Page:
In the aftermath of the Air India Express plane crash at Kozhikode on Friday that killed 18 people including both pilots, authorities are looking to revive plans to extend the airport’s runway, within the overall constraint of additional land being unavailable for the exercise. Earlier plans to extend the runway ran into hurdles on account of the state government not being able to allocate additional land to the airport developer Airports Authority of India (AAI).
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On Friday, a Boeing 737-800 aircraft with 191 people on board overshot the runway at Kozhikode airport after landing and fell into a 35 feet deep gorge resulting in the aircraft being broken up into three parts. “Options to expand the runway within the constraints are being explored,” a senior government official said.
The runway, which was 2,850-metre long till 2016, was reduced by around 100 m in length to accommodate the runway end safety area (RESA). The RESA at the Kozhikode runway was extended from 90 m in length to 240 m, in accordance with recommendations of the committee that proposed changes following a similar incident in Mangalore back in 2010, which killed 158 people on board. RESA is an area at the end of the runway where the plane can sink in if it overshoots the tarmac.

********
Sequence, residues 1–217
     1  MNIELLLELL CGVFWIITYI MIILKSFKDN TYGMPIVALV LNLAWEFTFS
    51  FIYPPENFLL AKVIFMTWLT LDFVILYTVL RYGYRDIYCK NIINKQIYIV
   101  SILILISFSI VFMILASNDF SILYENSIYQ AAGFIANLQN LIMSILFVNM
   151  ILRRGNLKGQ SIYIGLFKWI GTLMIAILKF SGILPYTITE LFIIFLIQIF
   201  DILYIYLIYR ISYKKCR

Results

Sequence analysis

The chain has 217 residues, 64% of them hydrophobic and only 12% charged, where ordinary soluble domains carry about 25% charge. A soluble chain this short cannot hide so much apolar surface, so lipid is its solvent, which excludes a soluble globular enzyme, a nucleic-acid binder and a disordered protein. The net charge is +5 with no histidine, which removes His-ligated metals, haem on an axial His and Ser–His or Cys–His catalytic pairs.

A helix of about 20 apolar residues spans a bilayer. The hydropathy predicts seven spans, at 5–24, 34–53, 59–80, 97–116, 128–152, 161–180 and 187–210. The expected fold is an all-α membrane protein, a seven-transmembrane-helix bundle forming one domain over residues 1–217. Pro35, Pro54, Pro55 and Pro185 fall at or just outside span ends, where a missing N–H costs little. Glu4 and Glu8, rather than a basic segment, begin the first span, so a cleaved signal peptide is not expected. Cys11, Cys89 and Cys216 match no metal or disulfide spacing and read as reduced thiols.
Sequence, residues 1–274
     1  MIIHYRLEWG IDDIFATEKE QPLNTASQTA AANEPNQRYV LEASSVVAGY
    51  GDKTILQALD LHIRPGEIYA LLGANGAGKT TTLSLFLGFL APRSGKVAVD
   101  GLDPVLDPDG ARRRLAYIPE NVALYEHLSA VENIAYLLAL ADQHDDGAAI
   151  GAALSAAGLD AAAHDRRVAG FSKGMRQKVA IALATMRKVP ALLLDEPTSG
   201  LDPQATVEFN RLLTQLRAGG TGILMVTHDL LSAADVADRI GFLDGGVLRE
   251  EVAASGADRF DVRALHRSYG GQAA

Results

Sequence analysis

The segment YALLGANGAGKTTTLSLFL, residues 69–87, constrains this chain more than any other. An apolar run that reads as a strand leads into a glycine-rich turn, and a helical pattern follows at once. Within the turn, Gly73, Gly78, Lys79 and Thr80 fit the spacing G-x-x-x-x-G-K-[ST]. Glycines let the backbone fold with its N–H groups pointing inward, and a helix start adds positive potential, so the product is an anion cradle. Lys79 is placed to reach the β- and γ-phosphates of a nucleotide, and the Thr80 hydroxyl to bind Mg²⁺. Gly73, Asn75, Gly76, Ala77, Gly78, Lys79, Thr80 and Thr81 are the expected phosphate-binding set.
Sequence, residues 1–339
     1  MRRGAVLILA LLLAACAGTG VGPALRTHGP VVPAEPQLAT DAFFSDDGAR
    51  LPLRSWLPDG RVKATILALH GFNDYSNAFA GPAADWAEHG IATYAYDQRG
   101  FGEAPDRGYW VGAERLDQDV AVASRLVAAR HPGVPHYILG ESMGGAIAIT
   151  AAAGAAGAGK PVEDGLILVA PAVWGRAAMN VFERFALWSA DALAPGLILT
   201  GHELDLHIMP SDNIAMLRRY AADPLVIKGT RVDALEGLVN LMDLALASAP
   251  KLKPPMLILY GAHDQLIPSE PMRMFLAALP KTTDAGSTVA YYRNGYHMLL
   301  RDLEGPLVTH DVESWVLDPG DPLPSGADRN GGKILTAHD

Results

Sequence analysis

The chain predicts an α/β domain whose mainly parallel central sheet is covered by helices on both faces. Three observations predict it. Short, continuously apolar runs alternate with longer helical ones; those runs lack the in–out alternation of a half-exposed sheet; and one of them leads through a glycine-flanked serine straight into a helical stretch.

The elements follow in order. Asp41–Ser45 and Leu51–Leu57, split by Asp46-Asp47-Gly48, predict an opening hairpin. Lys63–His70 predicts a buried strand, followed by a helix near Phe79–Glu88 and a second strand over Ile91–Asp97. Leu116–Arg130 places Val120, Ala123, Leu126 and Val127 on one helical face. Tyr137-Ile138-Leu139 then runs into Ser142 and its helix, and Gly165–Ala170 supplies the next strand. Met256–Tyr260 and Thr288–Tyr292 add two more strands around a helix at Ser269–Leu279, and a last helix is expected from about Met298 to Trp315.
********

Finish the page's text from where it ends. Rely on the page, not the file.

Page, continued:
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Alluding that the plan to acquire additional land for expansion of the runway may face bottlenecks in implementation, the official said that in the wake of the accident, alternate options are being looked at. These may include increasing the available landing distance by reducing the dimensions of other aspects of the runway, or creating an artificial structure on the gorge that is part of the airport land.
The Indian Express reported Sunday that back in 2017, AAI, which manages the airport, had firmed up plans to extend Kozhikode’s 2,750-m runway by 800 m and was awaiting allocation of land by the Kerala government. Sources said that land was not acquired by the state citing high costs and local resistance.
A senior AAI official told The Indian Express that any finality regarding chalking up fresh plans for extending the runway will depend on the report by the Aircraft Accident Investigation Bureau (AAIB), which is investigating the Kozhikode incident.
According to officials tracking the investigation, the ill-fated aircraft touched down with around one-third of the runway already crossed, not leaving the crew with enough distance available to bring the aircraft to a safe halt in time.
However, an official at the Directorate General of Civil Aviation said that the visibility and the tailwinds affecting the aircraft were within legal limits and that the investigators were still looking for a cause of the incident.
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